After 33 months of the Saudi-led war and three years of controlling Sanaa, the Houthis still have no game plan or exit strategy. Killing Saleh deprived them of a major ally and increased their isolation. Saudi Arabia is not expected to back out, but it is not clear what more can be done. A military solution will exacerbate the humanitarian crisis in Yemen without necessarily defeating Ansar Allah. If a political solution remains elusive, the major fallout of Saleh’s assassination might be accelerating the re-partition of Yemen. Click here for my latest analysis on Yemen.
While the mysterious resignation of Lebanon’s Prime Minister Saad Hariri continues to cast a cloud over Lebanese politics, new developments have de-escalated tensions in the country. Clear statements from Washington, released by both the White House and the State Department, appear to have curbed the Saudi surge in Beirut and toned down Riyadh’s rhetoric against the Iranian-backed Hezbollah. Hariri’s television interview on November 12 had a reconciliatory tone as the prime minister announced his intention to return to Beirut this week; however, no political breakthrough seems to be looming on the horizon. Click here for my latest analysis on Lebanon.
US soft power, which was built by decades of persuasion and non-coercive tools, is no longer inspiring or persuasive. The political values and foreign policy the United States is projecting abroad are at odds with the international system Washington has shaped. That global perception about the US role might outlast the Trump presidency. Here’s a link to my latest policy analysis on Trump, Tillerson and US diplomacy.
Given the current status quo, the best-case scenario for US-Saudi pressure is to transform Lebanese politics into an unbearable environment for Hezbollah. That, however, would mean great political and economic costs for a fragile country. Most importantly, the common interests that currently bind the Lebanese oligarchy, as they look ahead to the 2018 legislative elections, might prove to be stronger than any external pressure. Here’s a link my latest analysis on US-Saudi plan to deter Hezbollah in Lebanon.
On August 30, the Turaibil border crossing that links Iraq with Jordan was reopened after two years of closure. Striving to recover from the devastation of the so-called Islamic State (IS), both the Iraqi and Jordanian governments are hoping to benefit economically from that key trade route. However, there are strategic, security, and logistical challenges that might stand in their way. Most importantly, the ongoing tensions between Washington and Tehran to determine who controls the Baghdad-Amman highway might destabilize the border and lead to further strife in Iraqi politics. Here’s a link to my latest policy analysis on the Baghdad-Amman highway.
The United Nations (UN) envoy for Syria, Staffan de Mistura, predicted that the coming months will be crucial for the conflict he has been trying to resolve for the past three years. If there are no surprises down the road, the next rounds of the Astana and Geneva talks are expected in September, paving the way for “real substantive” talks in October. That optimism primarily rests on the premise that the United States and Russia will continue to cooperate despite the dark clouds overshadowing their increasingly difficult bilateral relationship. The recent local and regional developments signal that Syria is entering a new phase where major powers are coming to terms with a compromise that the Syrians themselves still consider elusive. Here’s a link to my latest policy analysis on Syria.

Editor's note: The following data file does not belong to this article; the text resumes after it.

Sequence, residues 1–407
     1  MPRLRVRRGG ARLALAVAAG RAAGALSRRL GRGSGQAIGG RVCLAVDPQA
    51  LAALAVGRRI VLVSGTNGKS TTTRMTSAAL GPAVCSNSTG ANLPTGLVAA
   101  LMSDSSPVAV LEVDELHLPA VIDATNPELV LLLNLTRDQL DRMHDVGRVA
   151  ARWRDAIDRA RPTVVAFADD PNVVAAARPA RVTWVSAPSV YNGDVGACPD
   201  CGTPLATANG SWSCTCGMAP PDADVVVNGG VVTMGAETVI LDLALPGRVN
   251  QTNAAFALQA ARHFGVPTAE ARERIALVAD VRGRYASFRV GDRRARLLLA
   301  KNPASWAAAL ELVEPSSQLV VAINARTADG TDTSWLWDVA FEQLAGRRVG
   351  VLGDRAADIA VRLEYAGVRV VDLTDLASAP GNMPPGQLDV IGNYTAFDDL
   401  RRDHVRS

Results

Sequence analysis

Among the many regional players operating on Syrian soil, two arch-enemies are familiar with each other’s war tactics: Hezbollah and Israel. After challenging Israel for nearly four decades in southern Lebanon, in recent years the Iranian-backed Hezbollah has sought to open a new battlefield in southern Syria. Tel Aviv is growing anxious and has been aggressively targeting any movement by the Lebanese group that could insinuate building or transferring military capabilities near the Israeli-occupied Golan Heights. Iran’s agility in moving weapons and fighters between Lebanon, Syria, and Iraq worries Israel and changes the rules of the game in the Levant. Here’s my latest policy analysis on the covert war between Israel and Hezbollah in Syria.
After two months of secret negotiations in Amman, US and Russian officials reached a ceasefire agreement in southwestern Syria. While a few crucial details are not ironed out yet, the deal was announced following the July 8 meeting between US President Donald Trump and his Russian counterpart Vladimir Putin in Hamburg, Germany. The ceasefire, albeit fragile, is welcome news in Amman after the increased military operations and escalation of rhetoric with the Syrian regime this past spring. The US-Russian deal takes the pressure off Jordanian authorities and allows them to potentially expand their role further in the Syrian conflict. However, Syrian rebels in the southern front are resisting attempts to force a new status quo, while Iran is not committing any support to a deal it did not participate in making. The southern front is becoming a decisive battle of influence as local and regional players are racing to seize territorial gains across Syria. What happens in the coming weeks and months will test not only the US-Russian agreement but also Jordan’s leverage in the southern front. Here’s my latest policy analysis on the Syrian conflict.